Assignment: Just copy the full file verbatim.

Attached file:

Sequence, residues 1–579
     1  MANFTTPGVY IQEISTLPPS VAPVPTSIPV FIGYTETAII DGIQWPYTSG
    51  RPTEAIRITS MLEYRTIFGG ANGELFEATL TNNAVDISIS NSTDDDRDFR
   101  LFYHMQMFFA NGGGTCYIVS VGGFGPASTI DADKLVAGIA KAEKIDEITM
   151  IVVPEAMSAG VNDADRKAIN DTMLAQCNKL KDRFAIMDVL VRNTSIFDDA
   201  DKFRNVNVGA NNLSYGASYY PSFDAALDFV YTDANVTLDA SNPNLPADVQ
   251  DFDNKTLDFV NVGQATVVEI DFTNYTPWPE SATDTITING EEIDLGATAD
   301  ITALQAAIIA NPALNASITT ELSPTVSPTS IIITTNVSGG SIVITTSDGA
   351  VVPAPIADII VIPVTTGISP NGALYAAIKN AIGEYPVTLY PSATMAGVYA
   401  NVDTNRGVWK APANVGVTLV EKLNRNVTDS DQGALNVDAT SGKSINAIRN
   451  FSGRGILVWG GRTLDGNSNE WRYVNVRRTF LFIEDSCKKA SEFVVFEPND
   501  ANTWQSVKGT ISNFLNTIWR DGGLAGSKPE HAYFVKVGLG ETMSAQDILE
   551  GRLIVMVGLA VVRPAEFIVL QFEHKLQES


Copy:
Sequence, residues 1–579
     1  MANFTTPGVY IQEISTLPPS VAPVPTSIPV FIGYTETAII DGIQWPYTSG
    51  RPTEAIRITS MLEYRTIFGG ANGELFEATL TNNAVDISIS NSTDDDRDFR
   101  LFYHMQMFFA NGGGTCYIVS VGGFGPASTI DADKLVAGIA KAEKIDEITM
   151  IVVPEAMSAG VNDADRKAIN DTMLAQCNKL KDRFAIMDVL VRNTSIFDDA
   201  DKFRNVNVGA NNLSYGASYY PSFDAALDFV YTDANVTLDA SNPNLPADVQ
   251  DFDNKTLDFV NVGQATVVEI DFTNYTPWPE SATDTITING EEIDLGATAD
   301  ITALQAAIIA NPALNASITT ELSPTVSPTS IIITTNVSGG SIVITTSDGA
   351  VVPAPIADII VIPVTTGISP NGALYAAIKN AIGEYPVTLY PSATMAGVYA
   401  NVDTNRGVWK APANVGVTLV EKLNRNVTDS DQGALNVDAT SGKSINAIRN
   451  FSGRGILVWG GRTLDGNSNE WRYVNVRRTF LFIEDSCKKA SEFVVFEPND
   501  ANTWQSVKGT ISNFLNTIWR DGGLAGSKPE HAYFVKVGLG ETMSAQDILE
   551  GRLIVMVGLA VVRPAEFIVL QFEHKLQES